channels, our blog, our newsletter database, and other channels. We have a distinct group of people to reach: those who are already customers or who have already encountered us and are interested in the product.
For Relate, we’re targeting a much broader base. So we experiment more with things like
content syndication via companies like News360, paid social and search, etcetera.
Q: How do you measure the success of content? Which content marketing metrics do you pay close attention to?
A: For Relate, it has evolved. During our first year we were focused on building an audience. Now that we’re in our second year we’re looking more at engagement and audience behavior. So are these potential buyers one day and are people showing signals that they might be interested in Zendesk’s products?
On the direct Zendesk content, we do care about things like audience size and engagement, but we are also much closer to the point-of-sale. So we also track things like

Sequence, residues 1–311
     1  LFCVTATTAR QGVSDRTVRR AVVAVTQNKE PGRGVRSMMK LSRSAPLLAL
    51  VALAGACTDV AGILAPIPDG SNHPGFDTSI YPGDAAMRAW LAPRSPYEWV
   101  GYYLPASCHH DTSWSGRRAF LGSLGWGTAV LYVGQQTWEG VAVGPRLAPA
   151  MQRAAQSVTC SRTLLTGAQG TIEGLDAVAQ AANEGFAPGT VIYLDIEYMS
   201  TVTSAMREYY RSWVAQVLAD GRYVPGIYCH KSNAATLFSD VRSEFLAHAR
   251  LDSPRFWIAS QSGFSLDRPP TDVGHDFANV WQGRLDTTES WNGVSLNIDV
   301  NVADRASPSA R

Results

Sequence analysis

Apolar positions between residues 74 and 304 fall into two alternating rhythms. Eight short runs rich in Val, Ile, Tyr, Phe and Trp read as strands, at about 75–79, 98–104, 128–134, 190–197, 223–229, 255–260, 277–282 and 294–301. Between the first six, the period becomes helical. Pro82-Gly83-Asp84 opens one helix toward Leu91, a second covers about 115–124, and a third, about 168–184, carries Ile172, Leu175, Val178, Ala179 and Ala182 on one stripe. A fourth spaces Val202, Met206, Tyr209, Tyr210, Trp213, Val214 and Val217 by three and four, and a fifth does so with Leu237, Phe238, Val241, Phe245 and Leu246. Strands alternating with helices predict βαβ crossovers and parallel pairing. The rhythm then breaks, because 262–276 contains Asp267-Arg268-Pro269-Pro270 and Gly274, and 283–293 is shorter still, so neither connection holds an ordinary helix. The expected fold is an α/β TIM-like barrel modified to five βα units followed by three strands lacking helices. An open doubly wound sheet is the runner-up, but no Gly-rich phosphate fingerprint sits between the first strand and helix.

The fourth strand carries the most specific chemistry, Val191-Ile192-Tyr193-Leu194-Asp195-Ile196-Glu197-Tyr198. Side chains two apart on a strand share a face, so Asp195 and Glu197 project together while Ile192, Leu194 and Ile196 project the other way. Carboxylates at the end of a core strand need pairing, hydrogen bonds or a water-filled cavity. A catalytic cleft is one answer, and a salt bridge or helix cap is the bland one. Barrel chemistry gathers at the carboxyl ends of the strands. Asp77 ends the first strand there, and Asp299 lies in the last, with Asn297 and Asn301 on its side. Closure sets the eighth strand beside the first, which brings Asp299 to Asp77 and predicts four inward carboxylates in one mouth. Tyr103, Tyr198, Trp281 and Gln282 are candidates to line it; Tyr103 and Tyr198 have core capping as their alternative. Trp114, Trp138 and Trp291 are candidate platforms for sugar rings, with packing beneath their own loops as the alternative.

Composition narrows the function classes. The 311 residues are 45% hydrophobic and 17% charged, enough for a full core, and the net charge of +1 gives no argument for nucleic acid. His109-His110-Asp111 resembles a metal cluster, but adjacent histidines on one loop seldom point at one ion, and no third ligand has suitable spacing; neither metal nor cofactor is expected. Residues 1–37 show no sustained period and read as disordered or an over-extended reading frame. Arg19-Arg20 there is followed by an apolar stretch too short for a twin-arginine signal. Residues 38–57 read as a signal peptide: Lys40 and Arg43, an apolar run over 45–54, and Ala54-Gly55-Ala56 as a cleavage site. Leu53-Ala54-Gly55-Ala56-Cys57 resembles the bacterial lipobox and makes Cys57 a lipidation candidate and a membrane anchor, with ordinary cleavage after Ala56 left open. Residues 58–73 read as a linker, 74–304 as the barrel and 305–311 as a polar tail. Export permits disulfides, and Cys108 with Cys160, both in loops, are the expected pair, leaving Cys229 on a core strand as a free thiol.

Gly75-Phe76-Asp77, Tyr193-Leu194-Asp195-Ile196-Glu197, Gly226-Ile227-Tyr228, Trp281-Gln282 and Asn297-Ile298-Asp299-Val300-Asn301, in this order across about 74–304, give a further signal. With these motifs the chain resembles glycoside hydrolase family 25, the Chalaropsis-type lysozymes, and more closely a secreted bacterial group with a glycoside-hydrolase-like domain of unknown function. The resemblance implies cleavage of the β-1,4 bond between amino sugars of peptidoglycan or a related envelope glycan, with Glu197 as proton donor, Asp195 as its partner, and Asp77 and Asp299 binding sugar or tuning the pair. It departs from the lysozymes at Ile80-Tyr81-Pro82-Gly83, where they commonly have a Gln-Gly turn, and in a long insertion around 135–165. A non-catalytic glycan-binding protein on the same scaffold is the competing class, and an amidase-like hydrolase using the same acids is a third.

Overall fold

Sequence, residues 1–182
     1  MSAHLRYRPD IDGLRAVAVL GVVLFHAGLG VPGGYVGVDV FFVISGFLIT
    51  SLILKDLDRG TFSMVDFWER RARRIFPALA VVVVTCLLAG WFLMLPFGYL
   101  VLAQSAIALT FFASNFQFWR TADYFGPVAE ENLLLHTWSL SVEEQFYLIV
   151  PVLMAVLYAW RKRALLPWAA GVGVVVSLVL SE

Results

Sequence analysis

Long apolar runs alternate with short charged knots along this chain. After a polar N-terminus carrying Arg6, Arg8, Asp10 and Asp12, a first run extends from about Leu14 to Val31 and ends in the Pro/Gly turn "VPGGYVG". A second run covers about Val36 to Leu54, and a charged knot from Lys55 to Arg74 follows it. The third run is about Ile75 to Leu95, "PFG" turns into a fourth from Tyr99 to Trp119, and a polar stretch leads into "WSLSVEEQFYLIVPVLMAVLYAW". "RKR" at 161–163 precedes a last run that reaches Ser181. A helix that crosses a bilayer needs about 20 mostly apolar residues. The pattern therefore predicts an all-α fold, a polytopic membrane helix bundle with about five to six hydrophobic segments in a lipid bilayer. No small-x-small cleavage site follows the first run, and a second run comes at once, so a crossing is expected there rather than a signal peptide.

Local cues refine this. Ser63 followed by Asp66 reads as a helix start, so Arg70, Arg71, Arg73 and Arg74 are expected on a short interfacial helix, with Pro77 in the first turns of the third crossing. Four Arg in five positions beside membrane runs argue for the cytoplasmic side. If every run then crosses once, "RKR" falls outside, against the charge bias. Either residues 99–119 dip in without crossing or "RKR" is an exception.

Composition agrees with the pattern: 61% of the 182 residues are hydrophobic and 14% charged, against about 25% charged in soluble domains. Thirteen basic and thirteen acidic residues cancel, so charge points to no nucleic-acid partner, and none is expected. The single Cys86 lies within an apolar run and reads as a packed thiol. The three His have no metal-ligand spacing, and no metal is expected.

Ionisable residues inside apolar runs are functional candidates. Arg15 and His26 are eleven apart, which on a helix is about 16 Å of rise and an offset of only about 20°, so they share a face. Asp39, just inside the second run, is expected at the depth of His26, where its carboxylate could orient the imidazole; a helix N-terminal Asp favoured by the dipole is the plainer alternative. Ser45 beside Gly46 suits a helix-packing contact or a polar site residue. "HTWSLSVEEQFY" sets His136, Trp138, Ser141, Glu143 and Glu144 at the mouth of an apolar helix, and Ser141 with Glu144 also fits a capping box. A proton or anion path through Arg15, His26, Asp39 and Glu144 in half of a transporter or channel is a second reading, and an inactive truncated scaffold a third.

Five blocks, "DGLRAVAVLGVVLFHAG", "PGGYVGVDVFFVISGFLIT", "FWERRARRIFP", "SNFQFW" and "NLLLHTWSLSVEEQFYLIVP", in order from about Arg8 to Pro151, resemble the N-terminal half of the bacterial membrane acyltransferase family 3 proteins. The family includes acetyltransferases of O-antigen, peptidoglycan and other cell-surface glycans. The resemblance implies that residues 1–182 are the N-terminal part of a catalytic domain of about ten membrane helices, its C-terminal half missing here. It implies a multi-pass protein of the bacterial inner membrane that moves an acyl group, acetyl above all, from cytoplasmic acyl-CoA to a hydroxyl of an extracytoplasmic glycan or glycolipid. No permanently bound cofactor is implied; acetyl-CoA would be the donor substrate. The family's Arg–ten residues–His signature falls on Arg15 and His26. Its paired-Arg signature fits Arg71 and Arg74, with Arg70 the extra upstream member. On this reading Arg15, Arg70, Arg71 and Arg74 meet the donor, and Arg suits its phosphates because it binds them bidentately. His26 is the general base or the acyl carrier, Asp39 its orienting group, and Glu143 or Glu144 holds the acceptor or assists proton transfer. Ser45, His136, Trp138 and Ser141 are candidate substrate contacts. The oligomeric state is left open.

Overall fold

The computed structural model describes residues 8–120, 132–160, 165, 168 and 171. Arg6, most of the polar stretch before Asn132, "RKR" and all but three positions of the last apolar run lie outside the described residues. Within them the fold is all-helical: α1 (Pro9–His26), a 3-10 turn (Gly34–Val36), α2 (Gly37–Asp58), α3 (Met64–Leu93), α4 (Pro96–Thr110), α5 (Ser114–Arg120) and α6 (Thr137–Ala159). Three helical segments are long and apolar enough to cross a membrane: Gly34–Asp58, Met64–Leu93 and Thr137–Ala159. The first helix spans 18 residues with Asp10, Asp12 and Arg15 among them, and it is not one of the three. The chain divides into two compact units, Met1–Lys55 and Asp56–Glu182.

leads and if those leads actually become customers. We want to know how our content
is incorporated into the buyer’s journey and if it’s leading to sales.
Q: Do you have a few favorite pieces of Zendesk content?
A: With Relate one thing we’ve done recently is that we just launched a podcast.
We are really excited about it because it’s more of a radio-style podcast rather than an
interview-style. It’s more like This American Life; we’re looking to tell high-quality stories.
And it’s not just about customer service or business. It’s about how we understand each other. So the first two episodes are all about empathy and the kindness of strangers.